Bob Dylan’s Famous Fender Electric Guitar To Be Auctioned Off
The Fender Stratocaster guitar Bob Dylan played when he notoriously "went electric" at the 1965 Newport Folk Festival will soon be put up for auction, according to a New Jersey woman whose family has had the instrument in their possession for decades. Rolling Stone reports that the woman, Dawn Peterson, decided to sell the guitar after a legal settlement was reached with the folk-rock legend.
"Mr. Dylan will participate in the sale to the extent that he will be signing off on any ownership interest after the sale," Peterson's lawyer Christopher DeFalco explains to the magazine, adding that the buyer "will receive a bill of sale that will be signed both by the Petersons and Mr. Dylan or his representatives."
The story behind the guitar was the focus of a 2012 episode of the PBS series History Detectives, whose researchers concluded that the instrument was the same Stratocaster that Dylan had used at the '65 Newport fest, even though reps for the singer/songwriter claimed he still had the guitar.
Peterson says her late father, Vic Quinto, was a private pilot for Dylan in the 1960s who told her that the star left the guitar in his plane. The instrument wound up sitting in her attic for years, until she contacted History Detectives to see if they could verify that it was the one the Rock and Roll Hall of Famer played at Newport. In addition, a set of Dylan's handwritten lyrics was found the guitar's case.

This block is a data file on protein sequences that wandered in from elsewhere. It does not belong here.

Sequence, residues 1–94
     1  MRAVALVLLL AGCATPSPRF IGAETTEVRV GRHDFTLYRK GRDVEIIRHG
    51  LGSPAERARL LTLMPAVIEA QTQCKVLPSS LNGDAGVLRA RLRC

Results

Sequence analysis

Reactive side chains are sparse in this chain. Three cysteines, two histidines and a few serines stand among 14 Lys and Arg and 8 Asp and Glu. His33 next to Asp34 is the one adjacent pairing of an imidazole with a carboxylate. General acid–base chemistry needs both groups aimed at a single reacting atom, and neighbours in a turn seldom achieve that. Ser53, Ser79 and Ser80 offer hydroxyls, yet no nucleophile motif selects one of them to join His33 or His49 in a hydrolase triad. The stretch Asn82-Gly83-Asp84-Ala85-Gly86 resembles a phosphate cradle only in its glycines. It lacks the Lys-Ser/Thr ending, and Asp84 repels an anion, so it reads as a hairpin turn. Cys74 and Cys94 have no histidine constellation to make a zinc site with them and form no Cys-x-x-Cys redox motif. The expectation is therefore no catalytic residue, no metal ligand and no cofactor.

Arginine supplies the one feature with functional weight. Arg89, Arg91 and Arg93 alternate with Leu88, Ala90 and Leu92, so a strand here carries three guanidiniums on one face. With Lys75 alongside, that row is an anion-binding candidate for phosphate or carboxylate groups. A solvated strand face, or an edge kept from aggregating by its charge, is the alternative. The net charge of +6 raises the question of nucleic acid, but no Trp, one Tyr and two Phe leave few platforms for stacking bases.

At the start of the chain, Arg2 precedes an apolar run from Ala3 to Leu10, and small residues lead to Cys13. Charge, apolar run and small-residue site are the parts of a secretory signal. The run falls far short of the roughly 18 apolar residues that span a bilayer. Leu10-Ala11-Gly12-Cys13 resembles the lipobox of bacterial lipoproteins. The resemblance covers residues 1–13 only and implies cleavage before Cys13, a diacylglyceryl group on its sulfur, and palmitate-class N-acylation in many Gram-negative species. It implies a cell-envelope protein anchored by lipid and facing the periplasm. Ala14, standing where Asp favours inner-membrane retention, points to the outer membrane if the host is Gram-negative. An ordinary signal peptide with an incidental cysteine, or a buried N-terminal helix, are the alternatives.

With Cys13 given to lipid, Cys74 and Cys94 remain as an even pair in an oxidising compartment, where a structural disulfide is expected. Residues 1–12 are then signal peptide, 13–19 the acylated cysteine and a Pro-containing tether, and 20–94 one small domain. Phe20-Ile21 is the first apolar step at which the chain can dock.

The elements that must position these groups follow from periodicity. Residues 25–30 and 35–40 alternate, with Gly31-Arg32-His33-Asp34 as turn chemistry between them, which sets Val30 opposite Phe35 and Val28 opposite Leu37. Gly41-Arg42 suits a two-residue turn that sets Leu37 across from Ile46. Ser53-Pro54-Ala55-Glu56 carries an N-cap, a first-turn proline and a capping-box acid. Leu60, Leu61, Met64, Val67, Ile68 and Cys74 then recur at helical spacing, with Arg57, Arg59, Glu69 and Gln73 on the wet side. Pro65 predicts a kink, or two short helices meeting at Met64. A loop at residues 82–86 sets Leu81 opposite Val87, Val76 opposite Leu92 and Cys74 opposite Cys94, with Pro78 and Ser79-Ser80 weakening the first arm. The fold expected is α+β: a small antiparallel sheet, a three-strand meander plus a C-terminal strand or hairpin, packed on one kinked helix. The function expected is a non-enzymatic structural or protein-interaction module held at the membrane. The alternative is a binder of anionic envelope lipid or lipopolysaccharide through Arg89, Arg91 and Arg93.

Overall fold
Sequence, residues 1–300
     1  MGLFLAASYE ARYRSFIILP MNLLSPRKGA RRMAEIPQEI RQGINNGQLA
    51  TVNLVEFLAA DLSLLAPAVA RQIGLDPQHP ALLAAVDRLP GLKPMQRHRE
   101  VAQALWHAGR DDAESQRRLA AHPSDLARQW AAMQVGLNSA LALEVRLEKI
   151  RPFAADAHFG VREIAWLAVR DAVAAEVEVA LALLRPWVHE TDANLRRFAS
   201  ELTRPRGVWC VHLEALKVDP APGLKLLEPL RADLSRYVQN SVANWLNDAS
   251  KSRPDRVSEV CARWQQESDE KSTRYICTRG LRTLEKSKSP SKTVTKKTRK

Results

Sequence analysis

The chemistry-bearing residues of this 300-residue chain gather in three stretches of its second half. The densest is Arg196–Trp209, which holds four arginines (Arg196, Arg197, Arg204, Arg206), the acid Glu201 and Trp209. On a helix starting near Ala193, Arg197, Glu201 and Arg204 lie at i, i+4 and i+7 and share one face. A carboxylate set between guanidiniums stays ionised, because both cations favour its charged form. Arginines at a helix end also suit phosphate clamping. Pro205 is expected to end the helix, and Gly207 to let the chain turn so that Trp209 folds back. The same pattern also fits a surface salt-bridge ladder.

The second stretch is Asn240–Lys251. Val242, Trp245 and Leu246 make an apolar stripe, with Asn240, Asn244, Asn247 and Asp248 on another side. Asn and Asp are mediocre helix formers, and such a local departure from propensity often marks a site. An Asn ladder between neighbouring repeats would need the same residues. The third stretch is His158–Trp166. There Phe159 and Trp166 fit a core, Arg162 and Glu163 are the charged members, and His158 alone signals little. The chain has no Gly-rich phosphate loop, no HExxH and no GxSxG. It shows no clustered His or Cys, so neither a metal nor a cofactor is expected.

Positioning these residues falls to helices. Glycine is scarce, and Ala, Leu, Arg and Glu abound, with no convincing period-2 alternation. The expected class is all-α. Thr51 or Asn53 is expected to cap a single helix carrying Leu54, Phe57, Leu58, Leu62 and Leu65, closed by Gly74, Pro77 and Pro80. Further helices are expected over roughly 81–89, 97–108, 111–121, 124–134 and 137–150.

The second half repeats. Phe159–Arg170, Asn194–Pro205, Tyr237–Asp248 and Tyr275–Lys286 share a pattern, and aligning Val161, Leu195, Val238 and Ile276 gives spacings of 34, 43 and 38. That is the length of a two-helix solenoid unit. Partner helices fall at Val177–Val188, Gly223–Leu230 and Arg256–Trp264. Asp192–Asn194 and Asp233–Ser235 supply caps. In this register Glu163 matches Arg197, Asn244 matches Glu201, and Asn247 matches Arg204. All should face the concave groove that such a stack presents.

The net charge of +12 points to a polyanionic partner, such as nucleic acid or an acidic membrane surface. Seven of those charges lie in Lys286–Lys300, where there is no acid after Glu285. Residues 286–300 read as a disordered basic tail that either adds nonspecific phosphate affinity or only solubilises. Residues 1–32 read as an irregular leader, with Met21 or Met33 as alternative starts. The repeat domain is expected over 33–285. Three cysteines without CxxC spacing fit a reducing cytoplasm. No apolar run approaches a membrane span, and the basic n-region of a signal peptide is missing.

Peterson say's that she hasn't decided exactly how she'll put the Stratocaster up for bid, noting that she plans to contact Sotheby's, Christie's and History Detectives investigator Wes Cowan, who has his own auction house.
The guitar has been estimated to be worth as much as $500,000, while the lyrics have been valued at $50,000.
Asked why she decided to part with the guitar, Peterson say's, "I would feel unsafe hanging it on a wall now, after all this went on. I would have to pay to keep it locked up, and I want somebody else to enjoy it." She adds that she hopes the instrument will end up in a museum "so it can be shared with everybody."